“Her ambition to excel is admirable, [she’s] willing to go above and beyond, she is first to put herself into a situation,” says co-worker Stephanie Collins. “But she is also crazy, and that helps her balance things too.”


Johnson says she wants to create new, more exciting ways for the members to get involved, but she is mindful of their ideas for programming. One of the first things that she did after taking her position was to set up a focus group of members and co-workers to meet once a month or so, to discuss new events and classes. She’s constantly learning from the members.


“The members here help me slow down,” she admits. “Since working here I’ve gained an appreciation for life. I’ve made life decisions based on conversations I’ve had in the hallways here”.


What many fail to see under Johnson’s engaging personality is a fierce competitive streak.  Growing up with four siblings and three cousins around all the time, she learned to be competitive early on.


“I have been dancing most of my life, and rowing since high school, and that has driven me to be who I am,” she says.


Even after she fell awkwardly in early April and broke her ankle in three places, requiring emergency surgery to set a titanium plate and screws in her foot, it’s been hard to get her to slow down.


“The thought of not being able to dance or row brings me to tears,” she says. “They’re trippin’ if they think they’re going to stop me.”  (She is now rehabbing her ankle after recently shedding her plastic boot.)


That indefatigable spirit is bound to serve Johnson well at Center in the Park, and wherever else life leads her.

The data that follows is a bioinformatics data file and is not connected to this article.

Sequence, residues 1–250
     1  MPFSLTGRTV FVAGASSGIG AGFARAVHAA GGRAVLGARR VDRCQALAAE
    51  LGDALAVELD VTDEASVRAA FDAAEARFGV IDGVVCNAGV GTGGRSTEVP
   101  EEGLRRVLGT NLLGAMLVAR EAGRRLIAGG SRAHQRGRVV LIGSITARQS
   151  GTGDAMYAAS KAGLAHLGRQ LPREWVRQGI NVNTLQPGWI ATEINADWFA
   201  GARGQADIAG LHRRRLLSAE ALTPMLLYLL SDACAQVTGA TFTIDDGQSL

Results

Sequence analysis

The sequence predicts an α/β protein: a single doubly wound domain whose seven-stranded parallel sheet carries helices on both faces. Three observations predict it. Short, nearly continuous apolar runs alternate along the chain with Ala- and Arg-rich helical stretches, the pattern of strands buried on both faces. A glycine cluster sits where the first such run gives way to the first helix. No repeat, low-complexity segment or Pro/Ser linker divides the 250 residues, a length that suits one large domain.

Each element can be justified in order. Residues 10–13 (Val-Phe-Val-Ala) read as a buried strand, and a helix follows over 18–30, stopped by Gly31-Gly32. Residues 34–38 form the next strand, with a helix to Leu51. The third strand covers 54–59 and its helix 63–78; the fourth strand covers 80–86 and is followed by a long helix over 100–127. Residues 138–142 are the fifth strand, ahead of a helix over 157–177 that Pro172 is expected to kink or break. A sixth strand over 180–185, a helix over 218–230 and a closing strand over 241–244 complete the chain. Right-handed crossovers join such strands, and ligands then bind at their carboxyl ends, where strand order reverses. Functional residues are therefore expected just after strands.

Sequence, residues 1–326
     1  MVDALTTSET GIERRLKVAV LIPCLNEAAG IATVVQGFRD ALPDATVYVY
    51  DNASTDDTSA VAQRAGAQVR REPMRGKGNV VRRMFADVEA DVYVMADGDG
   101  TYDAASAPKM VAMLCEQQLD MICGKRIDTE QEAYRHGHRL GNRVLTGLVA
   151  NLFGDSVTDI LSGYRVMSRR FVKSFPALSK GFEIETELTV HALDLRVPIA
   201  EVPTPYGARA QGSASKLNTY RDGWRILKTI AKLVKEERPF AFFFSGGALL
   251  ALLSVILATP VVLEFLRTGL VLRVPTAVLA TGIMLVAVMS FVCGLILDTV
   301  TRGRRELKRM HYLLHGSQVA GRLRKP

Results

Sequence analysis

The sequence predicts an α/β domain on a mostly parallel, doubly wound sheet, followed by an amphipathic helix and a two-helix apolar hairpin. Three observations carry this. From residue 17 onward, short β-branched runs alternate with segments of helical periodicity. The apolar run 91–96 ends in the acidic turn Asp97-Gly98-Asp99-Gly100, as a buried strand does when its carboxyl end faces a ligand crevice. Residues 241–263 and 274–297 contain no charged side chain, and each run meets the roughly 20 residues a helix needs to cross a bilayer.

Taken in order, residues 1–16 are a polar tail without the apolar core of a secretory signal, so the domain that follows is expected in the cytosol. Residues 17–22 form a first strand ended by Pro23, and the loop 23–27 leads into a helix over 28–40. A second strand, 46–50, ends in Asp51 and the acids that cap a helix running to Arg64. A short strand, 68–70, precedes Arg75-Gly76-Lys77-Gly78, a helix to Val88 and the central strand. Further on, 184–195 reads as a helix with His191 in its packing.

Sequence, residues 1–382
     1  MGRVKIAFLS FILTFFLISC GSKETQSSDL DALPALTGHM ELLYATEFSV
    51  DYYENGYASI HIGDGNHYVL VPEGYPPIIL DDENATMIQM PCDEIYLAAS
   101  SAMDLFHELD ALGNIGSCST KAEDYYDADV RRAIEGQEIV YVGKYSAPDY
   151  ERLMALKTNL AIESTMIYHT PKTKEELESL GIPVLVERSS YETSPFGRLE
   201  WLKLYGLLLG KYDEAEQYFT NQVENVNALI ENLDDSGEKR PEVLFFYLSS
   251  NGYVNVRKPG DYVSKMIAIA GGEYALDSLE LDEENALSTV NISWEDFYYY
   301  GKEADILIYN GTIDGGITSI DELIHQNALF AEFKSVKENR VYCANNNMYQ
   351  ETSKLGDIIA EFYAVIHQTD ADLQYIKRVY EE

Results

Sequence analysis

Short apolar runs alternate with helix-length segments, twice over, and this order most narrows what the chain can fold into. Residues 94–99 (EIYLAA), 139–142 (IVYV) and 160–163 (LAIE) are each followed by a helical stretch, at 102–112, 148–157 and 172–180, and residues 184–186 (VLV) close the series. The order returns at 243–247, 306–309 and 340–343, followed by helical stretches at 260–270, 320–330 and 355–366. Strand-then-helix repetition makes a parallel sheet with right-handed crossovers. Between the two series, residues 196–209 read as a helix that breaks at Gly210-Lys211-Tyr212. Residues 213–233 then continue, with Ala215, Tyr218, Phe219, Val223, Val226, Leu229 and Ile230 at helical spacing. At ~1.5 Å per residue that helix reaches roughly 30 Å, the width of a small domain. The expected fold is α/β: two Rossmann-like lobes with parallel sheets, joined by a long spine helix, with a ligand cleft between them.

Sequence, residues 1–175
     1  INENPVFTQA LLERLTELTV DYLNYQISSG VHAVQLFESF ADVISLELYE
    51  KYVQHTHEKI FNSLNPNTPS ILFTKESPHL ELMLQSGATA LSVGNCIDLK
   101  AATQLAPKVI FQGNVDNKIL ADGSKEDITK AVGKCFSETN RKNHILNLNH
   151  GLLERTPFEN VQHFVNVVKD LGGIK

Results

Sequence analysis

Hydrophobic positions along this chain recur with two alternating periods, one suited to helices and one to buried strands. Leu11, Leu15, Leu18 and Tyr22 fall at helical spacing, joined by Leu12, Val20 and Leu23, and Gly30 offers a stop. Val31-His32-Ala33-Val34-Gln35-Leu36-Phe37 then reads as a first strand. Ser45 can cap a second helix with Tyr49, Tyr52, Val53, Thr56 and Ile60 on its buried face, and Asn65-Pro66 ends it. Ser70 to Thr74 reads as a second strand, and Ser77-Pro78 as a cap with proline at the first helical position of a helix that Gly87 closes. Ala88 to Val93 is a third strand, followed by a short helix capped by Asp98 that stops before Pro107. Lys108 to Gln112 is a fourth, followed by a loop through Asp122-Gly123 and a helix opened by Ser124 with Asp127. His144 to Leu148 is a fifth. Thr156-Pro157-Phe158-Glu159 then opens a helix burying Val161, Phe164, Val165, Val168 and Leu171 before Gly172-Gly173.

“Brannon will make a tremendous contribution to our future, and our world is better with people like her in it,” says Linda Johnson.


For more information about Center in the Park, call 215-848-7722.


Taylor Reber and James Harding are students in La Salle University’s community journalism class.


Learn How to Prevent Fire and Burns in the Home

Every year, an estimated 1100 older adults die in home fires, an additional 3000 suffer injuries.   On Thursday, May 20, from 1-2 p.m. at the Dorothy Emanuel Recreation Center, 8501 Provident Street, Philadelphia, the Neighborhood Interfaith Movement’s Resources for Older Adult Living and the Mature Adults group present a workshop entitled, “Fire and Burn Prevention for Older Adults.”  A representative from the Burn Foundation will talk about major risks for burn injury and shares fire prevention tips that will help keep you from becoming a fire statistic.


U. S. Fire Administration statistics show that compared to other age groups, older adults in particular are at much higher risk for fire.   The reasons for this may include that many older adults often live alone, lack help, have physical or sensory limitations (slower response times, more limited flexibility, diminished vision and hearing ability, balance and mobility), and take medications that affect response times, both physically and mentally.